When I first started gardening in Florida, I thought I could take what I knew about the seasons and simply extend the planting dates in either direction from the hottest time of the year. That is, I thought I could simply plant things a few weeks earlier in the spring, and I could expect things to continue growing a few weeks longer in the fall. Since the hottest days here are about the same as the hottest days in Kentucky, I didn’t give much thought to having to make major adjustments in my summer gardening routines. Granted, it stays hot much, much longer here than it does in Kentucky, but it very rarely breaks 100 degrees Fahrenheit, so what could possibly go wrong?

I know, I know. Famous last words.

The thought that never occurred to me was that there is a point each spring when it becomes too late to plant summer vegetables. That point in time also coincides with a period in which it is still too early to plant late-season vegetables. That leaves a significant stretch of time from about the middle of May to the end of August during which you simply don’t bother planting any of the things I always thought of as summer vegetables.

So, what do you do with all that down time? Many gardeners here simply take the summer off, much as gardeners in Kentucky take the winters off. However, since I’m still having so much fun getting back into gardening, I decided to see what options were available to me. For the summer of 2012, I decided to embark upon a new adventure, growing one of the few things able to thrive here if planted this time of year. As it turns out, I have never grown this crop before, so it will be a learning experience for me. I have dubbed this adventure “The Cowpea Project.”

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Until recently, I had never even heard the term “cowpea.” I had, however, heard of black eyed peas, which happen to be the most well known type of cowpea. The terms “southern pea” and “field pea” are interchangeable with the term “cowpea,” and seem to be preferred in some regions, but I was not familiar with these terms either. To be precise, cowpeas are beans that just happen to resemble peas when growing in their pods, and if harvested dry, the correct term is “pulse” instead of “vegetable,” but this is a blog, not a term paper, so I will dispense with formalities. In researching them over the past few weeks, I have encountered the word “cowpea” more often than southern or field peas, especially in academic literature and in seed catalogs, so I have adopted that name and will stick with it in my writing.

The little bit of research I have done has really opened my eyes to a world of vegetables I never knew existed. Oddly enough, it is one of the oldest vegetables known to man, having been domesticated about the same time as pearl millet and sorghum, or somewhere in the neighborhood of 5 or 6 thousand years ago. It is generally agreed that it was domesticated in Africa, most likely in the area now known as Niger, so it should be no surprise that it grows well in hot weather, and is even able to withstand some drought conditions.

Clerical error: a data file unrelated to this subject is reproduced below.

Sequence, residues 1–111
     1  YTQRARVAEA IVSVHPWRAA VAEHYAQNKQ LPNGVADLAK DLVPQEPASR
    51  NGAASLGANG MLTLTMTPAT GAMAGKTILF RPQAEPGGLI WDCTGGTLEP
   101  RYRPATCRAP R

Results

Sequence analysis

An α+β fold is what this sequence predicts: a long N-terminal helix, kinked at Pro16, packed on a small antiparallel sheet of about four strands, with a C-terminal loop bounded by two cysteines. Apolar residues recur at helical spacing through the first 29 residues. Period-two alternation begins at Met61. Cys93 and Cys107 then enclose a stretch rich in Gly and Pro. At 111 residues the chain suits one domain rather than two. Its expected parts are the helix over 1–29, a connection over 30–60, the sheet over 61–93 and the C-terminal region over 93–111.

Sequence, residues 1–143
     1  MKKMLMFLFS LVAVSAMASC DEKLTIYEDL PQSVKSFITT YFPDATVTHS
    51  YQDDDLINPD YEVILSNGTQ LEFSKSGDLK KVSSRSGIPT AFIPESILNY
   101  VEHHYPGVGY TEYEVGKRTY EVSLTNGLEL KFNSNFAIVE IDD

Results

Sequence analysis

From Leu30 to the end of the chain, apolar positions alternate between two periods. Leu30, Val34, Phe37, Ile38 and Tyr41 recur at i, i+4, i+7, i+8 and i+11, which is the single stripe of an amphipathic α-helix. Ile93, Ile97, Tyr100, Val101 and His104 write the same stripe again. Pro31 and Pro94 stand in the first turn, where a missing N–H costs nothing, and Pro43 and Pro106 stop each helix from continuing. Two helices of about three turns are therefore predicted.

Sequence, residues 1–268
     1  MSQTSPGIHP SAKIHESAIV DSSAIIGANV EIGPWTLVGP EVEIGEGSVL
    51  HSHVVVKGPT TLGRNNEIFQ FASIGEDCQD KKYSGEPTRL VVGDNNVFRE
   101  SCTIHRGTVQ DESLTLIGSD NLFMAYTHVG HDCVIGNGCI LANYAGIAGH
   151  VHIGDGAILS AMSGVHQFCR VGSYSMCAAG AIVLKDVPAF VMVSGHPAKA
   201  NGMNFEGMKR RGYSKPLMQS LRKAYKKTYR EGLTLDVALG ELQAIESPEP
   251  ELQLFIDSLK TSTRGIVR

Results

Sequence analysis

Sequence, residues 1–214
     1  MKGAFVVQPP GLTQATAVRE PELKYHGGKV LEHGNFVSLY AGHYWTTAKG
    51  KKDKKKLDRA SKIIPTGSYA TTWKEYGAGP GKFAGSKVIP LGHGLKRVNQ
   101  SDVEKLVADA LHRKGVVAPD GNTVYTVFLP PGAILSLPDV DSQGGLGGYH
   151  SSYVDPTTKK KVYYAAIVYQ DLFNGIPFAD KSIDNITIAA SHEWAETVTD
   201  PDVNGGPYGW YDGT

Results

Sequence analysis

Each variety of cowpea belongs to one of four subspecies of a single species, Vigna unguiculata. I have not been able to determine how many varieties there are, but I can say that so far I have run across a few dozen, a least. These varieties differ in a number of characteristics, including taste, texture, bean color, eye color, pod color, plant size, and days to harvest. To provide a reasonable cross-section, I have settled on five varieties to try this summer:

  • California Blackeye 46 — This variety is said to produce a heavy yield of light green pods with creamy-white beans sporting black eyes. This is the variety shown growing in the picture above.
  • Pinkeye Purplehull — As the name suggests, the beans in this variety have pink eyes and grow in distinctive purple hulls. Some have suggested that this variety is among the tastiest of cowpeas. I planted these about a week behind the blackeyes. You can see their progress in the next picture below.
  • Mississippi Silver — This is a relatively new variety, developed by Mississippi State University in 1965 to be resistant to a couple of plant diseases common in the south (fusarium wilt and root knot nematode). It is one of many varieties known as “crowder” peas, so called because they are literally crowded together in the pod. The hulls of this variety are silver, hence the name.
  • Red Ripper — The Red Ripper is a much older variety, believed to have originated in the 1850s in North Carolina. This variety is reported to provide heavy yields, even in hot and dry summer conditions. It is often planted as a forage crop, but is also reported to be good to eat. Unlike the others I selected, this variety grows as a vine and will do best if I provide it with some support.
  • SaDandy — This is an old heirloom variety of cream pea developed for the south. The beans are white and said to have a smoother, creamier taste than blackeyed peas.